Unsuspected glucose abnormalities in patients with coronary artery disease
AbstractObjectives: To compare the ability of fasting glucose, glycosylated haemoglobin (HbA1c), the American Diabetic Association (ADA) score and measures of the metabolic syndrome (waist circumference, high-density lipoprotein (HDL), and triglycerides) in predicting an initial diagnosis of diabetes mellitus or abnormal glucose tolerance based on the World Health Organization (WHO) criteria.
Design: A cross-sectional, diagnostic study was undertaken of 120 patients admitted to the cardiology wards of Pretoria Academic Hospital for elective coronary angiographic studies.
Main outcome measures: All subjects underwent a modified glucose tolerance test whereby fasting and 2-hour post glucose (75 g) plasma glucose levels were measured. Using the revised WHO criteria, the overall incidence of diabetes was found to be 11.7% (95% confidence interval (CI): 6.5 - 19) and the overall incidence of abnormal glucose tolerance was 46% (CI: 37 - 55).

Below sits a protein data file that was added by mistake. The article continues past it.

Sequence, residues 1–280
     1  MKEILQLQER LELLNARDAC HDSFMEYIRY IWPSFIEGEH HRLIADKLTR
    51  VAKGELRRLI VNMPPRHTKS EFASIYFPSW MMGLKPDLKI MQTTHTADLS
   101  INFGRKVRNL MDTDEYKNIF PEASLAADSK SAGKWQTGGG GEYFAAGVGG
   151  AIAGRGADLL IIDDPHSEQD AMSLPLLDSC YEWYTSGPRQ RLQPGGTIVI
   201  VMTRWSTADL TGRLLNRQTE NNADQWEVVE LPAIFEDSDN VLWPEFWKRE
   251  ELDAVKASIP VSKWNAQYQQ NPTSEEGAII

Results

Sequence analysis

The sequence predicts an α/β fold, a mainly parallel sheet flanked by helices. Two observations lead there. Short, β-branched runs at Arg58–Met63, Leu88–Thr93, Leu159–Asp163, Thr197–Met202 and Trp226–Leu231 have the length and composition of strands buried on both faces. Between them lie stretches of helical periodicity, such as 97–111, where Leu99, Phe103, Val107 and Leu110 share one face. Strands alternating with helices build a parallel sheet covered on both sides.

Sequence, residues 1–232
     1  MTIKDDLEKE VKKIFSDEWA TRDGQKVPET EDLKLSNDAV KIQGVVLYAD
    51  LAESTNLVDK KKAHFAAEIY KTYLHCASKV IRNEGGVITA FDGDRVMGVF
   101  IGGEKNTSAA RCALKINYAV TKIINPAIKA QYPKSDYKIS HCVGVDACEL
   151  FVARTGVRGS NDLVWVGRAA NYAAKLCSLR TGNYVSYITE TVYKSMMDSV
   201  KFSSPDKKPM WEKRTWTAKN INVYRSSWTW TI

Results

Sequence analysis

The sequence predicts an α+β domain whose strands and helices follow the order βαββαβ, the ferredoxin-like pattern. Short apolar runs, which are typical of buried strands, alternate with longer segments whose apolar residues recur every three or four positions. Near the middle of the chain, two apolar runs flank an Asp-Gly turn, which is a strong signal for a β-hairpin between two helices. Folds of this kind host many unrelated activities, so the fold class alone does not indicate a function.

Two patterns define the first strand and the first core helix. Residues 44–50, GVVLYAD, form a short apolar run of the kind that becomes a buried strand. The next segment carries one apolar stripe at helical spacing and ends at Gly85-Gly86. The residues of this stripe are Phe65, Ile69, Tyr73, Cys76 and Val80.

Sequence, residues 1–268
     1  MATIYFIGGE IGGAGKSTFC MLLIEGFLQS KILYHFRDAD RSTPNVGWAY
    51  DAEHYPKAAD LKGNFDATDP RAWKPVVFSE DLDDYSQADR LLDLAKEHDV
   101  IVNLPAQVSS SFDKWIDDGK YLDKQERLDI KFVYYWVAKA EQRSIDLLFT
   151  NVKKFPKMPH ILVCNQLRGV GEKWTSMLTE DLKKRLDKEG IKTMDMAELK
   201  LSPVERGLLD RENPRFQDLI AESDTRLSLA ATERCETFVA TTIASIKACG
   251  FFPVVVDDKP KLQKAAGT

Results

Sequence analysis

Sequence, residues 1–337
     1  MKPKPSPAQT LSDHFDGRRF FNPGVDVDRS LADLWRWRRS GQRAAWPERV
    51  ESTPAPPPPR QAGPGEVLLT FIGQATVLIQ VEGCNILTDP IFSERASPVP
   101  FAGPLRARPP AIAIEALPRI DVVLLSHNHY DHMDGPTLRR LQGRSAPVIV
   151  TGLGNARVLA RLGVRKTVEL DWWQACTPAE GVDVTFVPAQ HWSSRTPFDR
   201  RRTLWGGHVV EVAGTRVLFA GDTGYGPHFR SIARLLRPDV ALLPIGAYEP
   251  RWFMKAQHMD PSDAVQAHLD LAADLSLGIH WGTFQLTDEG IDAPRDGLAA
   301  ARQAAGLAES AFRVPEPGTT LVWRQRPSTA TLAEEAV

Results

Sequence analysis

Results: In univariate analysis for the diagnosis of diabetes, HbA1c (p < 0.05) yielded the largest area (0.76) under the receiver operating characteristic (ROC) curve, with a sensitivity of 21%, specificity of 99%, positive predictive value (PPV) of 75% and negative predictive value (NPV) of 91%. For the prediction of abnormal glucose tolerance, applying multivariate analysis using a logistic regression model, the combination of age, ethnic group, serum HDL, serum triglycerides and HbA1c yielded an area under the ROC curve of 0.79, sensitivity of 66%, specificity of 80%, PPV of 76% and a NPV of 71%.
Conclusion: Most subjects with diabetes mellitus (9 of 14) would not have been detected if a 2-hour oral glucose tolerance test had not been done. Addition of either HbA1c or lipid parameters to the model of age and ethnic group were similar in predicting abnormal glucose tolerance.
Journal of Endocrinology, Metabolism and Diabetes of South Africa Vol. 11(1) 2006: 24-29
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